By the Numbers: Ethiopia, 2 April 2018-7 May 20211Figures reflect violent events reported since Prime Minister Abiy Ahmed came to power on 2 April 2018.
- Total number of organized violence events: 1,518
- Total number of reported fatalities from organized violence: 7,095
- Total number of reported fatalities from civilian targeting: 3,948
Last week, there were fewer reports of political disorder in Ethiopia relative to the previous weeks. Despite a tense political atmosphere in the lead-up to the 2021 general elections, only one political disorder event — an incident of excessive force against protesters — was recorded by ACLED last week.
On 3 May 2021, Addis Ababa police forcefully entered the residence of the Oromo Liberation Front (OLF) party chairman’s house, arrested the security forces guarding the house, and confiscated the phone and computer devices of everyone who lived in the house (VOA, 7 May 2021; Addis Standard, 4 May 2021). Police also shot at and arrested youth who had gathered outside the house to protest the actions of the police (Addis Standard, 4 May 2021).
Around 5 May 2021, federal forces carried out mass arrests of members of the Amhara Youth Association. They also arrested some Amhara regional special forces members, blaming them for violence that occurred in Bahir Dar city during demonstrations the week prior ( DW Amharic, 4 May 2021; EPO Weekly: 17-23 April 2021).
On 7 May 2021, the Federal High Court of Ethiopia repealed the National Electoral Board of Ethiopia’s (NEBE) decision regarding the OLF general conference in March 2021 (DW Amharic, 8 May 2021). NEBE stated that this general conference, which was led by Ararso Bikila, was not conducted as per the bylaws of the party. Thus, NEBE rejected the newly elected leaders of the party and refused to register the party for the upcoming election (The National Electoral Board of Ethiopia, 28 March 2021).
The OLF has been embroiled in a leadership crisis since July 2020 when members of the OLF Executive Committee voted to suspend the chairman, Dawud Ibsa. Ibsa was suspended in absentia. He had been placed under house arrest a few days prior following widespread violence in Oromia triggered by the assassination of a popular Oromo musician (Addis Standard, 30 December 2020).
Bikila’s faction of the OLF had stated that if NEBE implements the latest court’s decision, he would still be willing to participate in the upcoming election. Meanwhile, Ibsa claimed that the OLF was forced to boycott the election due to intimidation by the government (DW Amharic, 19 February 2021). Due to this internal struggle, the OLF was not able to manage to officially register as a party for the sixth general election of Ethiopia (The Reporter, 15 August 2020; The National Electoral Board of Ethiopia, 28 March 2021).
Meanwhile, the House of Peoples’ Representatives has approved the Council of Ministers’ decision to designate the Tigray People’s Liberation Front (TPLF) and the Oromo Liberation Front (OLF)-Shane as terrorist organizations (FDRE House of Peoples’ Representatives, 6 May 2021). According to the government, the decision will allow the government to prevent and suppress their actions as per the country’s law (Office of the Prime Minister-Ethiopia, 1 May 2021).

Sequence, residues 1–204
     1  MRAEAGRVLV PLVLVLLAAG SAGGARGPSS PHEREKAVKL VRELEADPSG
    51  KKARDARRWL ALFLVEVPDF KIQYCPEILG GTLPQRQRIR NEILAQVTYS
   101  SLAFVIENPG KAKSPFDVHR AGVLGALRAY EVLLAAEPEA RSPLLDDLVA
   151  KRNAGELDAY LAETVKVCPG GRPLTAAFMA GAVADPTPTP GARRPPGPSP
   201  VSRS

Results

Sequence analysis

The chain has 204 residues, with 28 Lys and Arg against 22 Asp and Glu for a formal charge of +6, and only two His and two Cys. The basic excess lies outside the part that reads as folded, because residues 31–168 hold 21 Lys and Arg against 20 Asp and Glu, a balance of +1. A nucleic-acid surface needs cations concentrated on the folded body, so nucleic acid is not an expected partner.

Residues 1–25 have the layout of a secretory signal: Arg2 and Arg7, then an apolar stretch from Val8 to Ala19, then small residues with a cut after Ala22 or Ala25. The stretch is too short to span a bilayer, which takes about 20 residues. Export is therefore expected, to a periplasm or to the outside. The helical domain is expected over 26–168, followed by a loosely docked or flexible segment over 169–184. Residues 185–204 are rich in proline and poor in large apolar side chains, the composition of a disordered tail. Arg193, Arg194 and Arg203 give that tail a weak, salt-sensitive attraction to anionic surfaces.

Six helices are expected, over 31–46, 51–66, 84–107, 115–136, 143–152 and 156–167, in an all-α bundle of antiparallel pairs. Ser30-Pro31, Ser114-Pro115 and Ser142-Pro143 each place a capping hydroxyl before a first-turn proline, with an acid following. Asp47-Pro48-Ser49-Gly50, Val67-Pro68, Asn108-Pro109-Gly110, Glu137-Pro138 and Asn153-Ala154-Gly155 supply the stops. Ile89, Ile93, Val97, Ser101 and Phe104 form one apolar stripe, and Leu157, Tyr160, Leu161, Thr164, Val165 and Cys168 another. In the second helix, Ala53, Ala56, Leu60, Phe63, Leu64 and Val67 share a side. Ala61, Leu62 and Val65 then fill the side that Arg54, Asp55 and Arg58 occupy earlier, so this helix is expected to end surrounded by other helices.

Humanitarian Activities in Tigray Region and Amhara Region
In the Tigray region, even though access for humanitarian organizations has significantly improved, the United Nations Office for the Coordination of Humanitarian Affairs (UNOCHA) stated last week that active conflicts in Central, North-Western, Eastern, South-Eastern, and Southern Tigray prevented humanitarian organizations from reaching people in need in rural areas of Tigray (UNOCHA, 7 May 2021). Furthermore, the lack of communication infrastructure in several areas in the region is delaying monitoring activities and efforts to assess the progress of aid distribution. The government announced that some areas are now accessible with a military escort (Office of the Prime Minister-Ethiopia, 8 May 2021). However, the government did not clarify which areas are now accessible with escorts.
Doctors Without Borders (Médecins Sans Frontières-MSF) also acknowledged that “rural areas are often left without any assistance and in recent weeks access for humanitarian organizations to various parts of Tigray has been further constrained” (MSF, 5 May 2021). Most health services are limited to cities. Healthcare centers in rural areas are not functioning because they are either destroyed or looted. Meanwhile, the government stated that “up to 60 mobile health teams” have been established in Tigray (Office of the Prime Minister-Ethiopia, 8 May 2021).
As well, it is estimated that 4.5 million people need food assistance in the region (UNOCHA, 7 May 2021). UNOCHA reported that 1.1 million people across the region have received assistance from three humanitarian organizations in 2021 thus far. The government puts this number closer to 2.7 million people (Office of the Prime Minister-Ethiopia, 8 May 2021).
Internally displaced people (IDPs), who fled their homes due to fighting between OLF-Shane (accompanied by local Oromo militias) and Amhara regional special forces (accompanied by federal troops) in Ataye and surrounding areas in the Amhara region (EPO Weekly: 10-16 April 2021), are calling for more humanitarian assistance (Amhara Media Corporation, 5 May 2021; EBC, 6 May 2021). The exact number of IDPs from this area is unknown, but it is estimated that up to 50,000 people are internally displaced (EBC, 6 May 2021). Houses in Ataye city were critically damaged during the conflict and are uninhabitable. According to one witness, “01 Kebele of Ataye city is fully destroyed” (EBC, 10 May 2021). Fears of revenge attacks have prevented IDPs from returning to their homes (EBC, 7 May 2021).